I'm a competitive person, so I like to see Plastics News get every story that's important to our readers, and to be first and best with the coverage. That said, I also like to see plastics companies featured by their local newspapers and TV stations. It's important to let the community know what your company does and how many people it employs. You can generate some goodwill and understanding with local politicians and community leaders, and generate some pride from your work force. I found three nice examples of these types of stories this weekend: Hoffer Plastics Corp. in South Elgin, Ill., was the subject of this nice profile on the Elgin Courier News' Web site. Among other things, the story does a good job explaining, in just a few words, what a custom injection molder does:
[CEO] Bill Hoffer says the company often acts as a "manufacturing arm" for many companies, who use Hoffer to mold and assemble components for specific applications.The Tinley Park, Ill., Daily Southtown also had an interesting feature, this one on Florida Plastics International Inc. in Evergreen Park, Ill. I like how this story explains the company name (it originally was a Midwest distributor for a Florida company that molded small plastic letters. The current CEO's father bought the plant in 1965, but kept the name). Florida Plastics' claim to fame is that it is the sole U.S. manufacturer of interior and exterior menu boards for McDonald's restaurants. CEO William W. Keyser tells the story:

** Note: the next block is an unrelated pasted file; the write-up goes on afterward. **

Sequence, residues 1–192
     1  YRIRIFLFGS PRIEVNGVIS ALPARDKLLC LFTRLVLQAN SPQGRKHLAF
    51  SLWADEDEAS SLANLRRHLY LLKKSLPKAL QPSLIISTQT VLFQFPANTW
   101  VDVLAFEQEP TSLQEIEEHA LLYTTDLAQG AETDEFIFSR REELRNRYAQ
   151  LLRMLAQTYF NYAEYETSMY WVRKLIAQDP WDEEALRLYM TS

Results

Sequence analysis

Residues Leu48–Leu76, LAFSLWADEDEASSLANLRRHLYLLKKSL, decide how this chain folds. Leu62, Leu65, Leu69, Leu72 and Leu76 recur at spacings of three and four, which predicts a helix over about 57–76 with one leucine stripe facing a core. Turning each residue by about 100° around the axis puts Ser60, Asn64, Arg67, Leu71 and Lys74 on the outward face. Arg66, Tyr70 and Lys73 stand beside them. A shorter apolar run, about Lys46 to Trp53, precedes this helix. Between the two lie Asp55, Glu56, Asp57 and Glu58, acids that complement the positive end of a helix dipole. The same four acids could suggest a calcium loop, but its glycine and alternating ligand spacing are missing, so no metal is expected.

We were in the process of selling white plastic letters to a cabinet shop in Streamwood that was making the first McDonald's menu board. The company didn't want to make the boards anymore, only the cases. My father learned of that and approached McDonald's directly. After many months of back and forth and looking at designs and prototyping, he got the account. That's when we really turned the corner. I was 15 years old at the time. ... Here we were going to make a sign for this little hamburger chain called McDonald's. At the time -- in 1968 -- they had 500 restaurants. In the early '70s, they started building 500 to 600 new restaurants a year. We went from a company with three full-time employees to one with 75.Must have been nice to get in on the ground floor with McDonald's! My final example is a feature from the St. Paul, Minn., Pioneer Press about profile extruder Intek Plastics Inc. in Hastings, Minn. Their angle: the company has introduced a flexible plastic cover for hockey rinks that can help minimize injuries when players are checked into the boards. The NHL plans to install Intek's product in all of their rinks by the start of next season. I like it when I learn something about a company that I wouldn't know otherwise. This story has a great example: "Intek is owned by the descendants of John S. Campbell, best-known as the founder of the Malt-O-Meal Co., which is still owned by the Campbell family." So this family is in both the window profile and breakfast cereal businesses. What an unusual combination!